We know, we know. Everyone has been saying it for years. And yet, we’re here to say it again: social media can help increase awareness of your company, services, and expertise. Post small tidbits of information, like when to replace the air filter in their furnace. Pepper your Facebook page with issues to look out for so they know when to call you.

3. Send off-season reminders—and coupons.

Send a Christmas card with a coupon for early bird AC checkup. Just be sure to include an expiration date! 

4. Work the concession stand at high school games.

Talk to someone on the athletic booster club committee to see if you help keep those fans fed and hydrated. By working the concession stand, you’ll get to meet a lot of local homeowners—and business owners. Offer to help out the booster club at a few home football or basketball games. Just be sure to wear your business shirt or hat.

5. Get in with Google

There is a fantastic FREE service called Google My Business. Just enter your business name, website, phone, and hours to appear on Google search results pages and on Google Maps. You can even add pictures, plus customers can review your business (you can respond to those reviews).

6. Park your truck or van in the driveway instead of the garage.

We see this everywhere around us, in the suburbs and the small towns; small, one-man HVAC businesses where the owner just parks their van or truck in the drive. Even if they’re really parking outside in the elements because their garage is packed, it’s still simple, easy, local advertising.

7. Small talk can really pay off.

If you played football for the local high school and see the homeowner’s son also plays football for your alma mater, talk about it. If they have a rowdy Border Collie, and you have one too, talk about it.

The quality of your work is the most important aspect in building trust, but it’s those small, personal connections that help build rapport with homeowners. It’s that trust and rapport that can lead to word-of-mouth referrals.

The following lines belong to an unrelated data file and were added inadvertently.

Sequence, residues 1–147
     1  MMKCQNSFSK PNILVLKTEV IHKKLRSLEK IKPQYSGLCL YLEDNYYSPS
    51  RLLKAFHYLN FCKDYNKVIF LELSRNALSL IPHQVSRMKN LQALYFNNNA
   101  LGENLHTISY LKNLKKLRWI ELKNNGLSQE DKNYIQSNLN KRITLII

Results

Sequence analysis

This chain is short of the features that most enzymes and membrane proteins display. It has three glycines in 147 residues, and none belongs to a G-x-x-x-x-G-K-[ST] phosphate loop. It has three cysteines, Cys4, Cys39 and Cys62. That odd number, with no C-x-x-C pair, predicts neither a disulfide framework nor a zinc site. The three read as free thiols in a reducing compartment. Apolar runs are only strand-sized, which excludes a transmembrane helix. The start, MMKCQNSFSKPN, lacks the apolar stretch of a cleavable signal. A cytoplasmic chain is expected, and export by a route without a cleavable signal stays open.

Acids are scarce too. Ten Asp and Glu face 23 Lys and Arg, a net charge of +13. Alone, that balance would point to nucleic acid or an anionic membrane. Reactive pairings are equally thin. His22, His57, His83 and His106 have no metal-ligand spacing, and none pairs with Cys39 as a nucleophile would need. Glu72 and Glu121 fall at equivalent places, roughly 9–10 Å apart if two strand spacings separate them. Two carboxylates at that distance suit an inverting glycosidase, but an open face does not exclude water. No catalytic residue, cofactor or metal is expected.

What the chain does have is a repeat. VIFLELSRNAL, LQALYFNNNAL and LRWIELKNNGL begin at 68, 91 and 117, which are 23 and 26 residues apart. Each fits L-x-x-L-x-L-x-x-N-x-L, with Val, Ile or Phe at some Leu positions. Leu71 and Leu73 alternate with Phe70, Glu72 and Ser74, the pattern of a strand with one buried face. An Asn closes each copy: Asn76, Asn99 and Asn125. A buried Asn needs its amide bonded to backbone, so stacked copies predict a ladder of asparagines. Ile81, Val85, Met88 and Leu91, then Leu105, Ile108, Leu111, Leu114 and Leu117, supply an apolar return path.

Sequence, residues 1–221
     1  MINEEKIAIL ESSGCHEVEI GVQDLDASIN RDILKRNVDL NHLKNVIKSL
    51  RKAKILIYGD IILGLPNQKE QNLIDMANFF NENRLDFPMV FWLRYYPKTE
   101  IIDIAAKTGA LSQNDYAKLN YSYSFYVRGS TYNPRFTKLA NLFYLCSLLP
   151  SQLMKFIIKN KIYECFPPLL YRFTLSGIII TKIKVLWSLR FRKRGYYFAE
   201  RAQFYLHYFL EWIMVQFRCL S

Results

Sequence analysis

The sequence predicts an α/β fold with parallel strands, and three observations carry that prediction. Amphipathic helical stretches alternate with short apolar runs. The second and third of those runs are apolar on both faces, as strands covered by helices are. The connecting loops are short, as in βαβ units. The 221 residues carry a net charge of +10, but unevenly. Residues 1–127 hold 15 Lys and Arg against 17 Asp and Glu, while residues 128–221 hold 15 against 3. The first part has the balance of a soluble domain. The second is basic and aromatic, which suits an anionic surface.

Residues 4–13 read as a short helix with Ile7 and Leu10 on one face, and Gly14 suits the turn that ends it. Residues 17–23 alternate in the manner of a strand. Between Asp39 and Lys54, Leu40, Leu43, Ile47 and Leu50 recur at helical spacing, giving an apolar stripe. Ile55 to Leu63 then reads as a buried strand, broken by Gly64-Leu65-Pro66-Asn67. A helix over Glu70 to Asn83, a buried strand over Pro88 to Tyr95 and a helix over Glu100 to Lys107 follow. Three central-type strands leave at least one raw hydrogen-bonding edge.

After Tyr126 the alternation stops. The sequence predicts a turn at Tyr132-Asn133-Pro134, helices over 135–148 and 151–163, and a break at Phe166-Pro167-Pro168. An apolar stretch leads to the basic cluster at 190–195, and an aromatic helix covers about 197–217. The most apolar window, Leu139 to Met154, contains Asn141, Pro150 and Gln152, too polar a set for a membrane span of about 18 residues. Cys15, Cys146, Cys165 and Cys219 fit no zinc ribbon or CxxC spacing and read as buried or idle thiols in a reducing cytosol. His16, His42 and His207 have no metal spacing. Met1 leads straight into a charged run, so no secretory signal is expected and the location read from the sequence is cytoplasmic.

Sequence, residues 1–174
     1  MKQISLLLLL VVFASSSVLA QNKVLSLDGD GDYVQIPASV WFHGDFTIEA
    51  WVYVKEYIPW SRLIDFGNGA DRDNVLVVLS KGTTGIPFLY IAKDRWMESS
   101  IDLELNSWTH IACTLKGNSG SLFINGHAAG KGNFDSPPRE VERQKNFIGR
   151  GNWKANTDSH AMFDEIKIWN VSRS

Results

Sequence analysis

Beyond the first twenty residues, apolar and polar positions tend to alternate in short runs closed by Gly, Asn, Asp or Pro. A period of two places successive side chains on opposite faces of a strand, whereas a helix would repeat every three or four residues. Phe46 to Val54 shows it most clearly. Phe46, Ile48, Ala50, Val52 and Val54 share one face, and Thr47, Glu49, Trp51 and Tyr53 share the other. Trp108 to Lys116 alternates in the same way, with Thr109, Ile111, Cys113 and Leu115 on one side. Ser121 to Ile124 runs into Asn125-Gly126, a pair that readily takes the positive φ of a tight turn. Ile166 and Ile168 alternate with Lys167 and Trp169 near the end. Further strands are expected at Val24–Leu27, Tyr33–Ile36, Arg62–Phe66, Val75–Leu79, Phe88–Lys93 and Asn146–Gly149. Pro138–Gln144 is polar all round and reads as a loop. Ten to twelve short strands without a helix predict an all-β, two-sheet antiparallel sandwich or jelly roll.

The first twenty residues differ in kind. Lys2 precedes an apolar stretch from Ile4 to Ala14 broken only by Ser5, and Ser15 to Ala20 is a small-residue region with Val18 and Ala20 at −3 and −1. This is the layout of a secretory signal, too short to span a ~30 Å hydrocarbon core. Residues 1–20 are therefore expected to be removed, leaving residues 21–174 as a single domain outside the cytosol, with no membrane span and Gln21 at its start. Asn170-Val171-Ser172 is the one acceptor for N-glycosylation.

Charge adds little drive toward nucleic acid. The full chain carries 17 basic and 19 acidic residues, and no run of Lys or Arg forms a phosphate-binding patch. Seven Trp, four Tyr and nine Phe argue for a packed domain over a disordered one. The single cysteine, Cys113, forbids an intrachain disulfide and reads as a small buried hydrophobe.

8. Join your local Chamber of Commerce

This is not a direct marketing campaign to your customers, but it adds value to your business’ name and garners trust. After you join, announce your membership on your website, your Facebook page, put it on your giveaway calendars; put it everywhere. Consumers are more likely to trust a business that is a chamber of commerce member than one who is not, because it shows loyalty to the community.

9. Leave a small giveaway at every visit.

One of the easiest things you can do is leave a small giveaway with customers at each visit. Fixing a furnace? Place a small mini sticky calendar on the furnace so they know who to call if problems arise. That mini calendar acts just like a business card, but since it’s stuck in place, it won’t get lost.

10. Smile when you say hello.

Ok, so this one is more a reminder of professional etiquette, but it really does have to do with your business’ image. And it has to do with trust.

The homeowner opens the door to a cheerful “hello!” and already you’ve set a nice, friendly image for yourself. If, however, they open the door and you say, “Hi, I’m Bill. Where’s the furnace?… well, you might get the job done as well as the friendly hello guy, but you’ve set a different tone for the customer.

First impressions can really help give you a boost. A friendly first impression puts the homeowner at ease, and a friendly HVAC professional is likely to get more referrals from happy homeowners.

So there you have it. Ten really simple, budget-friendly HVAC marketing ideas that you can easily implement into your everyday routine. Some of them take very little time and effort, but can have a great impact on how you are perceived by your customers.

Remember, your marketing is what you make of it.

Need some help getting your promotion started?

We can help. We’re promotional products experts, and we work with small business owners like you every day. We can help fulfill your logo giveaway needs. Call us at (800) 475-2255 or send us an email.

Don’t forget to check out OnTheBallPromotions.com for all your promo product needs.